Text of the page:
Calif. poised to ban lunch shaming
If a bill passed by the California Senate on Thursday is signed into law, the state will become the latest in the nation to enact a ban on so-called lunch shaming.
The California bill, introduced earlier this year, would disallow K-12 schools from denying lunch to indebted students and mandate that guardians be informed no more than 10 days after a student accrues meal debt. The legislation now goes to Gov. Jerry Brown, according to the Associated Press.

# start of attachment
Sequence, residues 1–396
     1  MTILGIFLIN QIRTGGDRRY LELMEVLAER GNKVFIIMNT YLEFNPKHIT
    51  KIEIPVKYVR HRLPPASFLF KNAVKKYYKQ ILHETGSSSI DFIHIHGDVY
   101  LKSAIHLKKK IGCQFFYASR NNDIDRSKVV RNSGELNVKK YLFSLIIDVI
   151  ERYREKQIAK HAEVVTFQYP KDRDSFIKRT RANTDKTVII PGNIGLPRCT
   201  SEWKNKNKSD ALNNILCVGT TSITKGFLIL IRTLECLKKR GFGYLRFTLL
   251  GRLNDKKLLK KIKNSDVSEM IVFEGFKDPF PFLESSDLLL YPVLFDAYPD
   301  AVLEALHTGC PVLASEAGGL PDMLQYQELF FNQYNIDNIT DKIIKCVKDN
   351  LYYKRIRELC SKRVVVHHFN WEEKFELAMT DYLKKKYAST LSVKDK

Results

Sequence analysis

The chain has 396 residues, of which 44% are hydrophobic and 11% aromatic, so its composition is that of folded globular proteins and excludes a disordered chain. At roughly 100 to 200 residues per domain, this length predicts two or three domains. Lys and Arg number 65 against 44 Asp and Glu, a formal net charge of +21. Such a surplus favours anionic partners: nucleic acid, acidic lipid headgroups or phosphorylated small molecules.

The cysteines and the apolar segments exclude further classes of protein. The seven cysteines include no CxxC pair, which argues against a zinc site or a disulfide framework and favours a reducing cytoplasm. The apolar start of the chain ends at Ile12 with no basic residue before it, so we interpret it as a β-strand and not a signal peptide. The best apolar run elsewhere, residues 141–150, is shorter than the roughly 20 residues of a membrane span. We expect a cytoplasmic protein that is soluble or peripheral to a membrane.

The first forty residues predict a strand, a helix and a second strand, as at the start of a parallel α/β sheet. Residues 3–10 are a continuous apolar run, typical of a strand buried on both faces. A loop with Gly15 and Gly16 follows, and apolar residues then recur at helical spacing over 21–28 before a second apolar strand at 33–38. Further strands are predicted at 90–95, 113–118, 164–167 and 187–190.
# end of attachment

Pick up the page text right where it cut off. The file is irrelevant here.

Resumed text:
Lunch shaming has been a contentious topic in recent months after instances of students being denied meals went viral in the media, and schools have been put on the defensive. As of July, school districts are now required by the USDA to have a written policy about how they will handle meal debt, one that must be communicated to students’ families and relevant stakeholders.
New Mexico became the first state to ban lunch shaming in April, though a number of states have been considering similar measures.
Read more via the Associated Press.